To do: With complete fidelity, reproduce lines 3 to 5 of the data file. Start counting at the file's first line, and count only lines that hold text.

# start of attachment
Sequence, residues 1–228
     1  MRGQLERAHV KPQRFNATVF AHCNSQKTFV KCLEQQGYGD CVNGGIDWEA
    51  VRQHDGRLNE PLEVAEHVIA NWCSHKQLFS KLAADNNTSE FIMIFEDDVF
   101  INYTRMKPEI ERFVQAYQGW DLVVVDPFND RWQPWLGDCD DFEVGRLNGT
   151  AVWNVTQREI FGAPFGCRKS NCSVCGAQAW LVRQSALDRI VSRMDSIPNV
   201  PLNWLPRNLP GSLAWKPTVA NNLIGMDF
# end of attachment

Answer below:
    51  VRQHDGRLNE PLEVAEHVIA NWCSHKQLFS KLAADNNTSE FIMIFEDDVF
   101  INYTRMKPEI ERFVQAYQGW DLVVVDPFND RWQPWLGDCD DFEVGRLNGT
   151  AVWNVTQREI FGAPFGCRKS NCSVCGAQAW LVRQSALDRI VSRMDSIPNV